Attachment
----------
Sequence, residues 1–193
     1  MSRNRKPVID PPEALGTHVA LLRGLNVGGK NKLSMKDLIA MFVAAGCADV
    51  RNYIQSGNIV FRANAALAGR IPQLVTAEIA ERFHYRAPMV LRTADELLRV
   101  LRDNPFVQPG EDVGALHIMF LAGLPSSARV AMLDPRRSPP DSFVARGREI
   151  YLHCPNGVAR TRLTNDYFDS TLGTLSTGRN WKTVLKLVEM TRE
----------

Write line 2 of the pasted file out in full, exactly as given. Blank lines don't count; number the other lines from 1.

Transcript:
     1  MSRNRKPVID PPEALGTHVA LLRGLNVGGK NKLSMKDLIA MFVAAGCADV